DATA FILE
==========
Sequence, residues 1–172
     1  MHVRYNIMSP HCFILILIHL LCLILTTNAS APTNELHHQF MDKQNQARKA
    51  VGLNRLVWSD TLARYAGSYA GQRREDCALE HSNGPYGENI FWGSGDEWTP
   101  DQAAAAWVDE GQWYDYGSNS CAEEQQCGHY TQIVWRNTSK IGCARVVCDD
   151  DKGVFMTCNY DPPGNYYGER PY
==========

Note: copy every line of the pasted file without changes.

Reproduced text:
Sequence, residues 1–172
     1  MHVRYNIMSP HCFILILIHL LCLILTTNAS APTNELHHQF MDKQNQARKA
    51  VGLNRLVWSD TLARYAGSYA GQRREDCALE HSNGPYGENI FWGSGDEWTP
   101  DQAAAAWVDE GQWYDYGSNS CAEEQQCGHY TQIVWRNTSK IGCARVVCDD
   151  DKGVFMTCNY DPPGNYYGER PY